Year after year, statistics have shown that the number one cause of US line-of-duty deaths fall into the United States Fire Administration’s (USFA) stress and overexertion category. It is within this category that the elephant in the room lies: sudden cardiac death.
We invite you to visit usfa.fema.gov and perform a quick search of line-of-duty death statistics. Unfortunately, what you will find is that the overall percentage of cardiac-related LODDs has remained unchanged for decades upon decades. Regretfully, we can say with confidence that the American fire service will lose 40-50 on-duty firefighters annually because of heart attacks and strokes.
In order to fully prepare yourself for the job of firefighting, you must look beyond firefighting strategies, tactics, and skills. You must commit to a career that includes a lifestyle of fitness and health as your foundation. In short, you must accept the fact that being fit for duty is a requirement of the job, and you must take action to get fit and stay fit.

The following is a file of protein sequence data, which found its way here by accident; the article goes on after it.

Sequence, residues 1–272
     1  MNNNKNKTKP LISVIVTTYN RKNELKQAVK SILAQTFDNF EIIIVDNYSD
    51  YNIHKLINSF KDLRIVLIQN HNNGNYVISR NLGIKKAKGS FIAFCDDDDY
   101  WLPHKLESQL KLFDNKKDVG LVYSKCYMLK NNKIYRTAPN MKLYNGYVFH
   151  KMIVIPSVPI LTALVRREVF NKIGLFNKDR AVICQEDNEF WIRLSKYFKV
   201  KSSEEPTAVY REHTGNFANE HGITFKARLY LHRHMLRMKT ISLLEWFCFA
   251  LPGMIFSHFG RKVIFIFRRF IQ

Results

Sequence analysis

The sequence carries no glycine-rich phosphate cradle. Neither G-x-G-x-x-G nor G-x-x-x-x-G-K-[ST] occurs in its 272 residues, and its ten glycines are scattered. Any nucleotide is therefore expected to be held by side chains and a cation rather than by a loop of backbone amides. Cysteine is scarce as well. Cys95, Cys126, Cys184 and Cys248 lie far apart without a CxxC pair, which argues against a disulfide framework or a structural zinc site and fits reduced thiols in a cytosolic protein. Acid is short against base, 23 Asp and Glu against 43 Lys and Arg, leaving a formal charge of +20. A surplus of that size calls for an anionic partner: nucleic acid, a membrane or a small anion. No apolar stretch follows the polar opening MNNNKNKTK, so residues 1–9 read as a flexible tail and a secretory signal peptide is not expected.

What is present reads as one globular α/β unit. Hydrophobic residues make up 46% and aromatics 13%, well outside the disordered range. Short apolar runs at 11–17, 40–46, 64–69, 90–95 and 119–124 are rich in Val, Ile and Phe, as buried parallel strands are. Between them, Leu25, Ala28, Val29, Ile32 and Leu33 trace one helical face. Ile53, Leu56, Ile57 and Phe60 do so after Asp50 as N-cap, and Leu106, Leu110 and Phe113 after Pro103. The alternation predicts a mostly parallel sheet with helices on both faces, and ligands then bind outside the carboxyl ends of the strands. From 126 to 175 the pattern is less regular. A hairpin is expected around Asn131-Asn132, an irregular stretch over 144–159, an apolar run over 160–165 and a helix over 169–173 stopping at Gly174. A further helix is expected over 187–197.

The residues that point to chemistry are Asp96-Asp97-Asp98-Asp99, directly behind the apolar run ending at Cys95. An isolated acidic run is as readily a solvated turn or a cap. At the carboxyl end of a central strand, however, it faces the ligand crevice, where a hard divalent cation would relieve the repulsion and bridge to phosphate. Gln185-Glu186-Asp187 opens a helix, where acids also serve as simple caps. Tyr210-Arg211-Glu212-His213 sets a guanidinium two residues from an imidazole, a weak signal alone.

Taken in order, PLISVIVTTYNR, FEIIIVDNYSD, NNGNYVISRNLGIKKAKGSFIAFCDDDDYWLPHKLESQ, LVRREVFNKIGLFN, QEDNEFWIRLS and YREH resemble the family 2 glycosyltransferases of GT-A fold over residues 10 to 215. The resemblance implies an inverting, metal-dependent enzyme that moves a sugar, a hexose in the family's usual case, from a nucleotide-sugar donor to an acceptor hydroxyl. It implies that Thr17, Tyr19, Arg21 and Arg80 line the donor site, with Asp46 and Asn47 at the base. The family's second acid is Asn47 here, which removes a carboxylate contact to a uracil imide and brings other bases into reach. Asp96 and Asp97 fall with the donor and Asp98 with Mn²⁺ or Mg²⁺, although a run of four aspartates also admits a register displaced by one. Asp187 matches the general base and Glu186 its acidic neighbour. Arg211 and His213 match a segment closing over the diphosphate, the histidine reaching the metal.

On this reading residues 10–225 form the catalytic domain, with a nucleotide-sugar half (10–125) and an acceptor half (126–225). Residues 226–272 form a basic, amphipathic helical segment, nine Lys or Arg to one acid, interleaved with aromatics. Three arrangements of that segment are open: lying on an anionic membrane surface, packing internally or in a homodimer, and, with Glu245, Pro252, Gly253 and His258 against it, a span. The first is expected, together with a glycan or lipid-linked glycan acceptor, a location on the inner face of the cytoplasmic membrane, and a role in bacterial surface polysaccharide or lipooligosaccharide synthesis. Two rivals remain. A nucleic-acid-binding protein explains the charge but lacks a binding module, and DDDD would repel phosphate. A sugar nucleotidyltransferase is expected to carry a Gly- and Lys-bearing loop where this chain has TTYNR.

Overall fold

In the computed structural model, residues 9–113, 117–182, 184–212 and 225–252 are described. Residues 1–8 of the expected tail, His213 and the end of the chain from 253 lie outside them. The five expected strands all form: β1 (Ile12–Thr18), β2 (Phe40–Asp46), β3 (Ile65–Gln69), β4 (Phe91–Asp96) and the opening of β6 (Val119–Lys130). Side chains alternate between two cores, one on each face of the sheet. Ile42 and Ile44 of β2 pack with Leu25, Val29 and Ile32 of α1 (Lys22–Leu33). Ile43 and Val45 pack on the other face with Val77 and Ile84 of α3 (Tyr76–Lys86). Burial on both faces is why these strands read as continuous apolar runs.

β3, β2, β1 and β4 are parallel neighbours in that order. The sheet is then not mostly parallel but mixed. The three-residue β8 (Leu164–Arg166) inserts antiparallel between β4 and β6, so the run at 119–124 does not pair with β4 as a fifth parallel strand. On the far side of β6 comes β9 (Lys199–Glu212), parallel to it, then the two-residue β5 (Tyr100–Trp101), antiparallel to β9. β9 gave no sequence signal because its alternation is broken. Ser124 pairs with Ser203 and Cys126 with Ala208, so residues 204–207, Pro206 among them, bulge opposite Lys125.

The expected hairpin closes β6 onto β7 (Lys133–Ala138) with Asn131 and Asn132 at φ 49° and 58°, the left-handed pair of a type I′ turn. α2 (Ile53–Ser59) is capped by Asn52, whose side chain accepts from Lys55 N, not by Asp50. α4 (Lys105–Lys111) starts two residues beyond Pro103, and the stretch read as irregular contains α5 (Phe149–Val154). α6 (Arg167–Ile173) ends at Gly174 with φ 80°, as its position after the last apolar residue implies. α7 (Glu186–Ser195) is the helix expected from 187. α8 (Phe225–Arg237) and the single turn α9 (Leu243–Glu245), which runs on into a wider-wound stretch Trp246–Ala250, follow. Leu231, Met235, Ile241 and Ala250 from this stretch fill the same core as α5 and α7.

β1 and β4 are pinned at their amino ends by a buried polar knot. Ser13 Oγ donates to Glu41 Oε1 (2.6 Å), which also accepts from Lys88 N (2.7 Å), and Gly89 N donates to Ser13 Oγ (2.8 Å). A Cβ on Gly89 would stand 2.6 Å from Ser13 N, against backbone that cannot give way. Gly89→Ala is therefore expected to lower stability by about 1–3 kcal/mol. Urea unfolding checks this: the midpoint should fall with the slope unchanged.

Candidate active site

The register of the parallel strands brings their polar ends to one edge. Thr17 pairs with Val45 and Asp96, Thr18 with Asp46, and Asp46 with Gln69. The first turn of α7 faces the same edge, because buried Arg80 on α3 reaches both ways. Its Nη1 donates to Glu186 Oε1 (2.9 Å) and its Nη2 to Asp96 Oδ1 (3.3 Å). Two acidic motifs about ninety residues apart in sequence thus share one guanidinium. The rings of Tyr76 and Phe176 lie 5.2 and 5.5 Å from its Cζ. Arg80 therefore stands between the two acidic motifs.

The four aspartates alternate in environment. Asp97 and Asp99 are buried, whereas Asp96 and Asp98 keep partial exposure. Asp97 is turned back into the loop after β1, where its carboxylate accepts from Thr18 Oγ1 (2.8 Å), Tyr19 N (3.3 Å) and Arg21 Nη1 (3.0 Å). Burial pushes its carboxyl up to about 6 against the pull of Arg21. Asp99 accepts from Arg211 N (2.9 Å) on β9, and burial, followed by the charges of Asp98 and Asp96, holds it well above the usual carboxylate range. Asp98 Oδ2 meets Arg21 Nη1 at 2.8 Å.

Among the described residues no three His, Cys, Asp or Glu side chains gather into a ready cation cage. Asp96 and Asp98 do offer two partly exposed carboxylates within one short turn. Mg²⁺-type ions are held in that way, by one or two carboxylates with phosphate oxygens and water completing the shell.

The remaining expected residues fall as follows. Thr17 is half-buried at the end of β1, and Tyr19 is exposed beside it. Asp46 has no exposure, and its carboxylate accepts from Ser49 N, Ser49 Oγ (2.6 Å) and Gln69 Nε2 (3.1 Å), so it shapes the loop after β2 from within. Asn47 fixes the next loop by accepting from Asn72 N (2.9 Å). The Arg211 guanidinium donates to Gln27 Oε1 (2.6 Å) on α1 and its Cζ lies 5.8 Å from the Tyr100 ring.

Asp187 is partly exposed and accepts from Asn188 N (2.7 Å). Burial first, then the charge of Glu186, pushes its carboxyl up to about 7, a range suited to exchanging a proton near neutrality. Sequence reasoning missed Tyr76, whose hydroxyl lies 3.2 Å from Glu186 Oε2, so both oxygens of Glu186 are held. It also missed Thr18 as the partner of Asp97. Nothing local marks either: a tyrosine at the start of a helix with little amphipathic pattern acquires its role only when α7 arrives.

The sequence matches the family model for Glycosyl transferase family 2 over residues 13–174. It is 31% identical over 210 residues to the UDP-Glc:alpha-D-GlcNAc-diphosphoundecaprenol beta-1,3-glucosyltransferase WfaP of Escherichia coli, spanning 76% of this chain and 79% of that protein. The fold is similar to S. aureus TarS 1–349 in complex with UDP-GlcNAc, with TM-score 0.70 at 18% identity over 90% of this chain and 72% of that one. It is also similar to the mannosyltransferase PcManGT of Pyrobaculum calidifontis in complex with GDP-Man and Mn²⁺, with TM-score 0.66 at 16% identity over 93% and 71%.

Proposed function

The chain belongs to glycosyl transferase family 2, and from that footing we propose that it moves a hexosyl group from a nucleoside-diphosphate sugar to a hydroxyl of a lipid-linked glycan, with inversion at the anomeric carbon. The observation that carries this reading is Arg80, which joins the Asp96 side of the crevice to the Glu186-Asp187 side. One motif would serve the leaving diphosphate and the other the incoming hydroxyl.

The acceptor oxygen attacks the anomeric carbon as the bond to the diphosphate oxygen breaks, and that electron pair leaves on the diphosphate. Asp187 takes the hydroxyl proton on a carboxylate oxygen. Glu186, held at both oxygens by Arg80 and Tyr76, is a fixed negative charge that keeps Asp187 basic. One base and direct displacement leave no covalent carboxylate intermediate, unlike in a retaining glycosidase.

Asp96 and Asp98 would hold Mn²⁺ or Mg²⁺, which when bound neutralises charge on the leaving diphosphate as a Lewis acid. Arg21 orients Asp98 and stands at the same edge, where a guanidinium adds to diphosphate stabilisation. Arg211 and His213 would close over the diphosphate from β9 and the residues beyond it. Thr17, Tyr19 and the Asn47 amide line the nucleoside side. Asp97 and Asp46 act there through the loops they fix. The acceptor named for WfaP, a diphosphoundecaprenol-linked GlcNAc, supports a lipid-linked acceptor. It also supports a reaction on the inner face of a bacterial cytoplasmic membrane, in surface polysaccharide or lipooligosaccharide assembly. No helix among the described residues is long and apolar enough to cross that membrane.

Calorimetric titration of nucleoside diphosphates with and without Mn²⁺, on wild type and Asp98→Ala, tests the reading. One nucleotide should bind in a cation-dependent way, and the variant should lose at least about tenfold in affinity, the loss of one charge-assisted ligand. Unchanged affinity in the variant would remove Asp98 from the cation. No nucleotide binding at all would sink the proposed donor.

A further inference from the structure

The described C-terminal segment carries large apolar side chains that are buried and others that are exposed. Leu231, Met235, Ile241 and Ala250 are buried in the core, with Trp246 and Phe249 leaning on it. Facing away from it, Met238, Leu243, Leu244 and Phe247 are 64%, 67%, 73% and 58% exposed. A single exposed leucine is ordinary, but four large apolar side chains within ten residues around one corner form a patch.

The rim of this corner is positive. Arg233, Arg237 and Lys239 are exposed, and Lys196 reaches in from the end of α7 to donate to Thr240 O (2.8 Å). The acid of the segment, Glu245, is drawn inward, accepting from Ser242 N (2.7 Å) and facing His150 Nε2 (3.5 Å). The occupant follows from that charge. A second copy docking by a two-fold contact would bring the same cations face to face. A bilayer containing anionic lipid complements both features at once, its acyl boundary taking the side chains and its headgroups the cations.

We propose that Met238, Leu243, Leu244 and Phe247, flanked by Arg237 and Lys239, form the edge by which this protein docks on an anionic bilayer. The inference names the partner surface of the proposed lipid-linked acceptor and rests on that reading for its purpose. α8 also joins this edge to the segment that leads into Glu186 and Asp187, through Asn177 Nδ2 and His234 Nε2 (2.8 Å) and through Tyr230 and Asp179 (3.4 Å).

Strenuous firefighting and your body
L.B. Rowell, in Human Cardiovascular Physiology, lamented: “Probably the greatest stress ever imposed on the human cardiovascular system is the combination of exercise and hyperthermia. Together, these stresses can present life-threatening challenges, especially in highly-motivated athletes who drive themselves to extremes in hot environments.” To be blunt: You are a professional, occupational athlete. And there is no better example of exposing a human body to such a drastic and simultaneous combination of high-intensity exercise (work) and hyperthermia that that of a firefighter.